Daniel M. Botes joins the Company as Chief Operating Officer and will have day-to-day responsibility for mine engineering, construction, ore processing and all other on-site operations.  He also joins the Board.

Daniel has wide experience in mine engineering and product quality, as well as ore marketing and business strategy.  Having completed a degree in Industrial Engineering in 1997 at the University of Pretoria, Daniel was employed by Iscor Ltd in the Mining Division in South Africa, which later became Kumba Resources. During his employment, he held the positions of Senior Industrial Engineer, Head of Quality Assurance, Technical Manager (Kumba Hong Kong), Marketing Manager and Manger, Strategic Projects.

Melinda K. Moore joins Roche Bay as Chief Financial Officer and will also join the Board. As well as having responsibility for financial management of the project, Melinda will lead Roche Bay’s fund-raising initiatives.  She joins Roche Bay from Steel Business Briefing, a widely-read industry information provider, where she was Chief Representative for China, based in Shanghai.  This role provided her with an enviable understanding of the industry and the Asia-Pacific market in particular.  As well as being a Post-Graduate Finance lecturer at the Securities Institute of Australia, she held a number of advisory roles at Truegrip Corporation, Intersuisse, Bell Securities and Hambros Equities in Australia.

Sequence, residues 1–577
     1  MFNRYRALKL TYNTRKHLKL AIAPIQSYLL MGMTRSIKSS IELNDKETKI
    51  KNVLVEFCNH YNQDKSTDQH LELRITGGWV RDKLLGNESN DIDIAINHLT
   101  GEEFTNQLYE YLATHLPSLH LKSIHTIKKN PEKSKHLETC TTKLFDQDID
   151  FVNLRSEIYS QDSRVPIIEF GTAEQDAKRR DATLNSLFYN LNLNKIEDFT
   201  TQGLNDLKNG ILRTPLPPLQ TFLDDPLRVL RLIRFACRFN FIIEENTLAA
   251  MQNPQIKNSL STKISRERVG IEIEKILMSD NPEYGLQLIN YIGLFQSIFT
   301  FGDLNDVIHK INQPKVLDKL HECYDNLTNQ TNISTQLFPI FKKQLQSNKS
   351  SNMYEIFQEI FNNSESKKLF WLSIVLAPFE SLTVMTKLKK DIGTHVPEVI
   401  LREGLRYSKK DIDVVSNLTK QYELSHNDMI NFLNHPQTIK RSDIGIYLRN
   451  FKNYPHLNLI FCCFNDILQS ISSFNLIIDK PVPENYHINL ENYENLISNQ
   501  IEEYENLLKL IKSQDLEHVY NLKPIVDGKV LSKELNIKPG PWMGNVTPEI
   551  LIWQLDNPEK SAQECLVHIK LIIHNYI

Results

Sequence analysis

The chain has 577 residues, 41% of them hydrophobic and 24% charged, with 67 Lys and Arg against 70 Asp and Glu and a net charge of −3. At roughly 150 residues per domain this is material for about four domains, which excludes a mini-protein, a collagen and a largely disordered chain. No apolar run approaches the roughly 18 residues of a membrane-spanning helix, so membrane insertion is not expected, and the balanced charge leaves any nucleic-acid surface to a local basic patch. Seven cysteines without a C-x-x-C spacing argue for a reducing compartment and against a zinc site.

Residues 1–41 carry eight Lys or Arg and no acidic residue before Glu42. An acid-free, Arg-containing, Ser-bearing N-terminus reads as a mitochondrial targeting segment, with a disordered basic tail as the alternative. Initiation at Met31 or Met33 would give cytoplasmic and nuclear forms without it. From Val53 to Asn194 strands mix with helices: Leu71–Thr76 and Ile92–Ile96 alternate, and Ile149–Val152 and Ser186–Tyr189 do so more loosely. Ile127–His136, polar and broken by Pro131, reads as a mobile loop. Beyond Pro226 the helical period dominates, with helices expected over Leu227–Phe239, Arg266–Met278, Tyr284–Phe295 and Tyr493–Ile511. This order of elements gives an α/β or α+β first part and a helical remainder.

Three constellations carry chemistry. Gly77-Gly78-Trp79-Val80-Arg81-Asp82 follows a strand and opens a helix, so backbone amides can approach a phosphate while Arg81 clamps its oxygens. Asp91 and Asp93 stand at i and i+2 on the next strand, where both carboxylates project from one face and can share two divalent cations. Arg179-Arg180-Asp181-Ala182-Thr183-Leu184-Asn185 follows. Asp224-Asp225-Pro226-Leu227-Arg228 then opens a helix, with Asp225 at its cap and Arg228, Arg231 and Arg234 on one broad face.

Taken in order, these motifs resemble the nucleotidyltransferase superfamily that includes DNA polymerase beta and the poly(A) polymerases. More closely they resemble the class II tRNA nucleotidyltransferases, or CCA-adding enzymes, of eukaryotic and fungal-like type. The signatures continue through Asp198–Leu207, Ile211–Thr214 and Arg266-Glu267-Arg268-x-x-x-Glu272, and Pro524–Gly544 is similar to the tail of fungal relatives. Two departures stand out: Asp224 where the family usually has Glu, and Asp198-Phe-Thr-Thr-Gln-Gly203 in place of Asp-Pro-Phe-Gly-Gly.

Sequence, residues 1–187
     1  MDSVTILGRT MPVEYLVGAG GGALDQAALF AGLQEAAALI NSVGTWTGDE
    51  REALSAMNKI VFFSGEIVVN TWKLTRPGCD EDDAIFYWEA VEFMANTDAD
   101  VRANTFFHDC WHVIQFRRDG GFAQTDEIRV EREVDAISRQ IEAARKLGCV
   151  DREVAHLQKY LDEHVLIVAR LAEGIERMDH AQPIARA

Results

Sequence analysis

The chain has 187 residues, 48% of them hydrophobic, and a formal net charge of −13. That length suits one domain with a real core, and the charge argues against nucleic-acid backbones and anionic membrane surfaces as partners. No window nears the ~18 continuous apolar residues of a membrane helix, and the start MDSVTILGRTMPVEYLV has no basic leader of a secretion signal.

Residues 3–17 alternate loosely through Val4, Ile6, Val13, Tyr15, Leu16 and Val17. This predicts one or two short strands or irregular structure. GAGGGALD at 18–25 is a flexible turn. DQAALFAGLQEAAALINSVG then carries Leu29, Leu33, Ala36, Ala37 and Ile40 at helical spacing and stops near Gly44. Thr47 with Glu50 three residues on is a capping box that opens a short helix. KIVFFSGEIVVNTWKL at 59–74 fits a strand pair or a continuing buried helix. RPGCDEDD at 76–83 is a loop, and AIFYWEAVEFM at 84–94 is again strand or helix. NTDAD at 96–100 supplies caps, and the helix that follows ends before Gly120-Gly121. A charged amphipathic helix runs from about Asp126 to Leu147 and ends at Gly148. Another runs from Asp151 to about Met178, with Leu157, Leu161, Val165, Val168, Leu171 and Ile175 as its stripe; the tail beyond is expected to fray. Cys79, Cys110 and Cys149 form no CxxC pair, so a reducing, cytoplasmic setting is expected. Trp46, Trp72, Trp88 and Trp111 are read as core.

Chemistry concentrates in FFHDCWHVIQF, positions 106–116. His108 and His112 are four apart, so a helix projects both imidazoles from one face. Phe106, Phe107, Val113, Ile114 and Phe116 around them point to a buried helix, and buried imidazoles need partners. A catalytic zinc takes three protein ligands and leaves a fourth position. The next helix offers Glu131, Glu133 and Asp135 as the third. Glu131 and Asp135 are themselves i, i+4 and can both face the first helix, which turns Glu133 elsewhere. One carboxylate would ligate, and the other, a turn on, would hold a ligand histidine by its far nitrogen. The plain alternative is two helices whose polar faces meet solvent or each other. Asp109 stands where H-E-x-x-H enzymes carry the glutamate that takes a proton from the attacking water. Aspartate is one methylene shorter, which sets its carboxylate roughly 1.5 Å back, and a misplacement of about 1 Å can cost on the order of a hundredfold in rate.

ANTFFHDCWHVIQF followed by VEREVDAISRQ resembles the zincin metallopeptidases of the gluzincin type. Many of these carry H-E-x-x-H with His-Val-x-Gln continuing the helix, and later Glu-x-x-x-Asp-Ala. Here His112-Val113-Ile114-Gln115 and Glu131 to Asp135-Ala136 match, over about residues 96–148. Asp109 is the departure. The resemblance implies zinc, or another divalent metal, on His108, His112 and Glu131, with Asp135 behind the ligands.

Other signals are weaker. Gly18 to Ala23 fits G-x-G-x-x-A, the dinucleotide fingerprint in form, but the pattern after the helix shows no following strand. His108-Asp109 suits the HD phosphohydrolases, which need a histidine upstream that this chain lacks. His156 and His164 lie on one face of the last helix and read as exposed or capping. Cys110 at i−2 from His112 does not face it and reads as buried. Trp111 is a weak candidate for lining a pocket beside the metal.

Dirk P. Swartz joins Roche Bay as Vice President of Engineering. Dirk has gained wide experience in coal & iron ore metallurgy, as well as other minerals processing, particularly crushing, screening & dense medium separation in South Africa  Most recently, he has been an engineering project manager on behalf of South African mine engineering firm, LSL Consulting. Apart from project managing various feasibilities studies for coal and iron ore projects, he also acted as Project Engineer for Kumba’s 9 million tonne a year iron ore project, Sishen South. Previously, he held roles at Joest Ltd as Senior Process Engineer, at Schenckas Sales Manager for process equipment and at Kumba’s Sishen Iron Ore mine in senior operational management roles.

Benjamin Cox, Chief Executive of Roche Bay, said: “Each one of these appointments is very exciting for Roche Bay and I am thrilled that we have attracted such high calibre and well regarded individuals to the Company.  Equally, their confidence in joining Roche Bay is a testament to the attractiveness of our assets and the huge potential of this whole project. “We have delivered considerable progress over recent months, not least evidenced by our agreement announced last month with Corus Group plc, one of the world’s largest metal producers.  I look forward to delivering further positive news as we move forward and the new team gets to work.”

Who knows?  With Borealis currently selling for less than $60 million (there are two houses in the Hamptons currently on the market for more), I continue to think of it as a lottery ticket where, two chances out of three, perhaps, you will ultimately lose your money; but where, if you don’t lose your money, you might make 10 or 50 times your bet.  I will a admit to being surprised and disappointed to have seen no visible progress since “the plane moved” a year ago.  But the plane did move, and there really is a steel company called Corus (I checked), so I wait.  And wait.  And wait.

(In the meantime, go see the movie.)